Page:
CHERNOMYRDIN PROPOSES ENERGY PRICE FREEZE . . . Addressing the
Federation Council on 8 September, Prime Minister Chernomyrdin outlined
the government's economic program for 1997, ORT reported. He said he
expects inflation this year to be no more than 19% and promised to keep
the money supply under tight control. He talked vaguely about
introducing a new tax to finance the army, and said that a decree is
being prepared to freeze energy and possibly transport tariffs in view
of the debt crisis facing many electricity stations. Such a step would
violate the government's commitment to gradually increase energy prices
in line with IMF recommendations. -- Peter Rutland

. . . AMID EMERGENCY MEASURES TO HELP ARMY. Finance Minister Livshits
said that steps have been taken to ensure that food and fuel supplies
reach military bases, ITAR-TASS reported on 8 October. He was speaking
after a closed session of the Federation Council on the topic. Livshits
said "All the required budgetary payments for the army have been
released. However, for various reasons not all the money has reached the
military units. Rather than argue with [Defense Minister] Gen. [Igor]
Rodionov over why this happened, we came up with a way to solve the
situation." Regions that make food deliveries to military units will be
compensated by the government--presumably by waiving tax arrears. This
policy contradicts the government's efforts to cut back tax waivers and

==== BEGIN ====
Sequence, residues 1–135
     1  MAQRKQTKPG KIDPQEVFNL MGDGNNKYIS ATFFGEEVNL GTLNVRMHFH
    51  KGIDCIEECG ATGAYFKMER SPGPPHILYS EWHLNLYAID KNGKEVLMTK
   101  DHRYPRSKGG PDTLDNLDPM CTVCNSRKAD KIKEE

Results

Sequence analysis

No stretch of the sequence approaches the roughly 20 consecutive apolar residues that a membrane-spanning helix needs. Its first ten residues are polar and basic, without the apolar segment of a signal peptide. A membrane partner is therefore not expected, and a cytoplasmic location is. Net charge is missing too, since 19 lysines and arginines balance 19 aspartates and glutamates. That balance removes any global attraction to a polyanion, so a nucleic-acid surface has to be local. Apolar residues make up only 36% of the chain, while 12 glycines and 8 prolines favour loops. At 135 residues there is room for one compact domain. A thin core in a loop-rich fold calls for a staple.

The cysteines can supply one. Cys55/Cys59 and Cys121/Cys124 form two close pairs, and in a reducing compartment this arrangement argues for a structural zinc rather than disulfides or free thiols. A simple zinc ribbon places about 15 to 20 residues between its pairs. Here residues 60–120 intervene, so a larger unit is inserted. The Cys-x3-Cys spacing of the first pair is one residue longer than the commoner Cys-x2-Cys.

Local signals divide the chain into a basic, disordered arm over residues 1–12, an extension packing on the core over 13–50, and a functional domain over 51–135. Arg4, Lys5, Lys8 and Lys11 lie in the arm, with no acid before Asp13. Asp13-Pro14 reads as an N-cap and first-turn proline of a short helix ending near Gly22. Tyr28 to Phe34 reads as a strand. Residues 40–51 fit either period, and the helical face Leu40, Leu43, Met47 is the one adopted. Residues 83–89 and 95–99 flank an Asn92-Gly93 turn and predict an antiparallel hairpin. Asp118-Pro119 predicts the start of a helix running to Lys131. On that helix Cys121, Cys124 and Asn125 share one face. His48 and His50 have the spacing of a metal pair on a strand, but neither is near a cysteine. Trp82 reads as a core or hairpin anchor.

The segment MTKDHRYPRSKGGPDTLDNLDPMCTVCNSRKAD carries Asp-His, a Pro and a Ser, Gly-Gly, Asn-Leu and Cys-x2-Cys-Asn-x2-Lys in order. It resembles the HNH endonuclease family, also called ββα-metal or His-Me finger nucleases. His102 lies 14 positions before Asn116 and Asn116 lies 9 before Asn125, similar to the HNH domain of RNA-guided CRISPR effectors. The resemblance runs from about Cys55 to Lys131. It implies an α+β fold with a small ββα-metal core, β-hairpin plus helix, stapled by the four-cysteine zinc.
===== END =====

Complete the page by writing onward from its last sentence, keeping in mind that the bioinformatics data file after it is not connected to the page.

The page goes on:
non-cash tax payments. -- Peter Rutland

GOVERNMENT COMMISSION ON ENERGY, TRANSPORT TARIFFS. Also on 8 October,
the government's Commission for Operational Questions, chaired by First
Deputy Prime Minister Aleksei Bolshakov, met to discuss the energy
situation, ORT reported. The commission was told that many local
authorities are refusing to raise electricity prices in light of the
upcoming regional elections. After a two-hour discussion on rail-freight
tariffs, the commission decided to postpone for one month a decision on
whether to increase them. -- Peter Rutland

KADANNIKOV TO RETURN TO AVTO VAZ. Former Deputy Prime Minister Vladimir
Kadannikov on 11 October will return to his former post of chairman of
the board of directors of Avto VAZ, the automobile giant which is now on
the brink of bankruptcy, Kommersant-Daily reported on 9 October. The
government's InterAgency Bankruptcy Committee has asked Avto VAZ to
submit documents on its current financial situation and its debt
repayment schedule at the planned 11 October special meeting.
Presidential Chief of Staff Chubais criticized Avto VAZ for not paying
its federal taxes since January 1996, NTV reported on 5 October.
Meanwhile, Kadannikov has announced that the government will freeze
budget debts worth 10 trillion rubles ($1.9 billion) until 2001. --
Ritsuko Sasaki

TRANSCAUCASIA AND CENTRAL ASIA

ARMENIAN GOVERNMENT ACCUSED OF HUMAN RIGHTS VIOLATIONS. Ruben Hakobyan,
the only parliamentary deputy for the Armenian Revolutionary Federation-
Dashnaktsutyun party, was beaten and seriously injured after his arrest
on 26 September by a group of men that included Defense Minister Vazgen
Sarkisyan, Noyan Tapan and Groong reported on 8 October, citing
Hakobyan's defense attorney, Tigran Janoyan. Janoyan also said he has
not been allowed to meet with his client since 30 September. He
described the official charges against Hakobyan and other opposition
members arrested following the 25 September attack on the parliament